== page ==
The Threads of The Scarlet Letter: A Study of Hawthorne's Transformative Art

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University of Delaware Press, 2003 - 201 Seiten
The Threads of The Scarlet Letter offers new discoveries regarding the origins of Hawthorne's masterpiece, as well as critical interpretations based on these discoveries. Relying on a blend of close reading, biographical analysis, and archival research, this book demonstrates anew the power of traditional scholarship. The Threads of The Scarlet Letter illuminates Hawthorne's transformation of Poe's celebrated tale The Tell-Tale Heart and Lowell's long-neglected poem A Legend of Brittany and, identifying the hitherto-unknown author of the seminal narrative The Salem Belle, investigates Hawthorne's brilliant borrowing from that novel as well. The present volume argues that Hawthorne repeatedly attenuated his sources, but also allowed sufficient detail to permit their recognition. Furthermore, this volume elaborates Hawthorne's reworking of formal traditions in The Scarlet Letter--traditions that importantly clarify the meaning of the whole. The Scarlet Letter is shown to be a complex rendering of man's fall and redemption, and a triumphant assertion of literary vocation. The Threads of The Scarlet Letter includes a useful bibliographical overview of the history of the study of the origins of Hawthorne's greatest work.

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Inhalt

Acknowledgments
9
Introduction
17
A Tale by Poe
22
A Poem by Lowell
36
A Novel by Ebenezer Wheelwright
64
The Matter of Form
97
Conclusion
110
A Bibliographical Overview
113
Notes
125
Bibliography
161
Index
191
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Seite 55 - I will rise now, And go about the city in the streets, And in the broad ways I will seek him whom my soul loveth...
Seite 101 - For, behold, the day cometh, That shall burn as an oven ; And all the proud, yea, and all that do wickedly, shall be stubble : And the day that cometh shall burn them up, Saith the LORD of hosts, That it shall leave them neither root nor branch. But unto you that fear my name Shall the Sun of righteousness arise With healing in his wings ; And ye shall go forth, And grow up as calves of the stall.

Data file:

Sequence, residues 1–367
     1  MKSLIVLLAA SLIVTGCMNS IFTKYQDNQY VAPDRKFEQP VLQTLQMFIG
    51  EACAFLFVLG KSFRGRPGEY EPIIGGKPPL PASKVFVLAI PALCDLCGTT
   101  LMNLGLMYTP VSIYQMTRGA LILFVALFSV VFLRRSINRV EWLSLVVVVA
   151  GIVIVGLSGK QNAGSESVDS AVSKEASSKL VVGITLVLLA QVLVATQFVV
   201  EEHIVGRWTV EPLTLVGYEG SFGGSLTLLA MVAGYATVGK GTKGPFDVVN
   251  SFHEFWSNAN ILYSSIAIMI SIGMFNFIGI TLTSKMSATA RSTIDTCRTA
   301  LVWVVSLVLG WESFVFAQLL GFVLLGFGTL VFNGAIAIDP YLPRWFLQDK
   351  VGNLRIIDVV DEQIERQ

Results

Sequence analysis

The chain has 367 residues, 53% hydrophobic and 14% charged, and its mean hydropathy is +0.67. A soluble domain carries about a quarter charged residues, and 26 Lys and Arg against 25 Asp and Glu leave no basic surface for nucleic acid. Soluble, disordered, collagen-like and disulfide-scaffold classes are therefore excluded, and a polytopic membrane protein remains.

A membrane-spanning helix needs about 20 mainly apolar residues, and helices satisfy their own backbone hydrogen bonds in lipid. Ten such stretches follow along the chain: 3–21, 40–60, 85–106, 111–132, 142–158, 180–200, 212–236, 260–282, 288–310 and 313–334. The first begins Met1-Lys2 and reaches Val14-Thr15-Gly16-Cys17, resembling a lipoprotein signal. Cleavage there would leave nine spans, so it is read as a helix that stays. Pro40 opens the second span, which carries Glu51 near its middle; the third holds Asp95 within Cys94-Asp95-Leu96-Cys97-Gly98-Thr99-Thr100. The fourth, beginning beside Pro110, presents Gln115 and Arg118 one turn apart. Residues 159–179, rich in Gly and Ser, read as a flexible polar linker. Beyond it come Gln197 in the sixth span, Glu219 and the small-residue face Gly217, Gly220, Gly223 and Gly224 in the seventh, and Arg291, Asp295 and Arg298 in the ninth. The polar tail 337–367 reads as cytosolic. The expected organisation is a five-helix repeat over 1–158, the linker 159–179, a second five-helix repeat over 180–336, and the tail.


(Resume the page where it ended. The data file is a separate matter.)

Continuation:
Seite 102 - Unless the LORD had been my help, my soul had almost dwelt in silence. 18 When I said, My foot slippeth; thy mercy, O LORD, held me up.
Seite 112 - ... about their summits, which, in the last rays of the setting sun, will glow and light up like a crown of glory. At the foot of these fairy mountains, the voyager may have descried the light smoke curling up from a village, whose shingle roofs gleam among the trees, just where the blue tints of the upland melt away into the fresh green of the nearer landscape.
Seite 47 - T is as if a rough oak that for ages had stood, With his gnarled bony branches like ribs of the wood, Should bloom, after cycles of struggle and scathe, With a single anemone trembly and rathe ; His strength is so tender, his...
Seite 112 - And as the moon rose higher the inessential houses began to melt away until gradually I became aware of the old island here that flowered once for Dutch sailors' eyes — a fresh, green breast of the new world. Its vanished trees, the trees that had made way for Gatsby's house, had once pandered in whispers to the last and greatest of all human dreams; for a transitory enchanted moment man must have held his breath in the presence of this continent, compelled into...
Seite 156 - A dark valley between three mighty, heaven-abiding peaks, that almost seem the Trinity, in some faint earthly symbol. So in this vale of Death, God girds us round; and over all our gloom, the sun of Righteousness still shines a beacon and a hope.
Seite 101 - For behold the day cometh, that shall burn as an oven ; and all the proud, yea and all that do wickedly, shall be as stubble : and the day that cometh shall burn them up, saith the Lord of hosts, that it shall leave them neither root nor branch.
Seite 99 - ... both. All around, there were monuments carved with armorial bearings ; and on this simple slab of slate — as the curious investigator may still discern, and perplex himself with the purport — there appeared the semblance of an engraved escutcheon. It bore a device, a herald's wording of which might serve for a motto and brief description of our now concluded legend ; so sombre is it, and relieved only by one ever-glowing point of light gloomier than the shadow : — "ON A FIELD, SABLE, THE...
Seite 91 - Hutchinson, as the foundress of a religious sect. She might, in one of her phases, have been a prophetess. She might, and not improbably would, have suffered death from the stern tribunals of the period, for attempting to undermine the foundations of the Puritan establishment.

Über den Autor (2003)

Richard Kopley is Associate Professor of English at Penn State DuBois and Head of the Division of English for Penn State Commonwealth College.

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